this is an excuse for lazy thinking and we need creative solutions
here," said Mohammed. He said that Chief Mediator Bassole has not
clearly articulated a strategy to solve the ongoing crisis in
Darfur. Mohammed said that the slow speed of deployment and all
the focus on the logistical side of UNAMID has taken on a life of
its own.

DDDC REVIEW
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9. (U) Although, the majority of the presentation focused on
DeWaal's analysis, the final portion of the meeting was devoted to
the DDDC. Mohammed said that cooperation with the government of
Sudan had improved in the last year, and that compared to previous
years there was very little interference in the DDDC's work.
Mohammed said that the DDDC will soon begin collaboration with the
civil society initiatives started in five clusters - Dar es Salaam,
Jeddah, Cambridge, Heidelberg, and Khartoum and take its
consultations outside of Sudan. (Note: This strategy merely builds
on what the Sudanese themselves have already begun without any input
from the DDDC. End note.)

10. (U) Other DDDC representatives gave brief presentations of
their work. DDDC's Abdul Jibril (a dual Sudanese Canadian citizen)
stated that internally displaced persons (IDPS) are most interested
in security, administration and governance, and most importantly
disarmament across all movements, militias, and GoS security forces.
According to DDDC's work, tribal leaders are most interested in
democracy, administration and governance, and land issues such as
the hawakir system. According to Abduljibril, the meetings with the
pastoralists-Arabs have been the most interesting consultations to
date. According to him, this group was particularly eager to
participate in the consultations to change their negative image as
janjaweed and tools of the GoS. This group emphasized that they are
most interested in security for their communities and their
migration routes.

COMMENT
- - - -
11. (SBU) DeWaal's analysis deserves attention. If his portrayal
of the political market is accurate, Qatar's involvement in upcoming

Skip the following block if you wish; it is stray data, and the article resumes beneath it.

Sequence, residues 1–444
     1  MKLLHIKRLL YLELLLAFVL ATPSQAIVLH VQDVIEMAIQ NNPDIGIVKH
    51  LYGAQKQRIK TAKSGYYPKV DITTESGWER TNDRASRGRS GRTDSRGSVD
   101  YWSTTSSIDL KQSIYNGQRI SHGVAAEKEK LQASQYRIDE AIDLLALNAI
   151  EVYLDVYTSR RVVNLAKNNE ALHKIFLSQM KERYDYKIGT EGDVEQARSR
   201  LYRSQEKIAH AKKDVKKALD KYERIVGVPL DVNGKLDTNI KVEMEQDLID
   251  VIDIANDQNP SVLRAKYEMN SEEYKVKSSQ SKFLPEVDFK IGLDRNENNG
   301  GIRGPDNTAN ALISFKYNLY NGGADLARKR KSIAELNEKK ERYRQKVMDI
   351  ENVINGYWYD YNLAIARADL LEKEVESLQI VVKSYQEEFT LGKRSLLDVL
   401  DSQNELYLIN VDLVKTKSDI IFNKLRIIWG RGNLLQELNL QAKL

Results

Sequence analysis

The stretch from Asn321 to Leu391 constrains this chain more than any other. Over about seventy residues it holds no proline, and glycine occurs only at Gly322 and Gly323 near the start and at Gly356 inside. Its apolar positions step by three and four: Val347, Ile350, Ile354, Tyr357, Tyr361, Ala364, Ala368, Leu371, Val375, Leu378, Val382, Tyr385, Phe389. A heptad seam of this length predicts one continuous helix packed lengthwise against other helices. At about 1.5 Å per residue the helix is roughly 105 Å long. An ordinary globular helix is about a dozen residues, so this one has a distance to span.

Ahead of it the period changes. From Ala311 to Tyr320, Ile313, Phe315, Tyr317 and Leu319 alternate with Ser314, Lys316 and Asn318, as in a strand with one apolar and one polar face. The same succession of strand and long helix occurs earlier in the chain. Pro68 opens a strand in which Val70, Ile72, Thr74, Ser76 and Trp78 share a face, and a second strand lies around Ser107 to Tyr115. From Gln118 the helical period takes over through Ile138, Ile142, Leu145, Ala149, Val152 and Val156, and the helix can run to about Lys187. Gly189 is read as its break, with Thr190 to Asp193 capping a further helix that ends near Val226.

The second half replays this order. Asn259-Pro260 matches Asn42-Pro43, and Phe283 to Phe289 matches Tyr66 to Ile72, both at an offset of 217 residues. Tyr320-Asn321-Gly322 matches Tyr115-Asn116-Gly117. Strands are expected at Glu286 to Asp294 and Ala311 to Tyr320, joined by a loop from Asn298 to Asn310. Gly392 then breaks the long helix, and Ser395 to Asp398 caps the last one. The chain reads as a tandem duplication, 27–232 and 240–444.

negotiations could be successful, as far as enticing rebel groups to
the negotiating table. (Note: For example, the latest rumors are
that Qatar has secured the participation of Abdul Wahid through a
financial enticement. This has not been verified. End Note.)
DeWaal's analysis does ring true when applied to SLM/MM, as Minnawi

KHARTOUM 00001734 003 OF 003


and his inner circle have fixated on smaller sums of money which
they would be able to control and use at their discretion. Most
importantly, if the regime's oil revenues do begin to dry up,
DeWaal's analysis portends future instability in Sudan as the system
of patronage based on bribery breaks down.

12. (SBU) DeWaal's focus on the relatively "low levels of
violence" today may be accurate right now, but deemphasizes the
level of ongoing suffering and deep-seated resentment in the region.
The effects of past violence live on today with over 3 million
people in Darfur's many IDP camps. Abdul Mohammed's role in the
meeting also deserves close analysis. Mohammed is an ambitious
character, and it is all too clear that he has latched onto DeWaal
to give himself and his organization more credibility. His public
criticism of the Chief Mediator in front of Khartoum's ambassadors
and diplomatic corps was inappropriate, and more evidence of the
ongoing power struggle we see between UNAMID and the Chief Mediator.
Although the work of the DDDC is valuable in surveying voices from
Darfur, it is troubling to think that Mohammed will soon take his
show on the road to Europe to work with the Diaspora. Overall, the
greater irony of the meeting was that DeWaal's market analysis of
Sudanese politics essentially undermines the value of the DDDC's
work. Any deal in the region, according to DeWaal, will only
continue Sudanese systems of patronage and leave out the voices the
DDDC intends to survey.

FERNANDEZ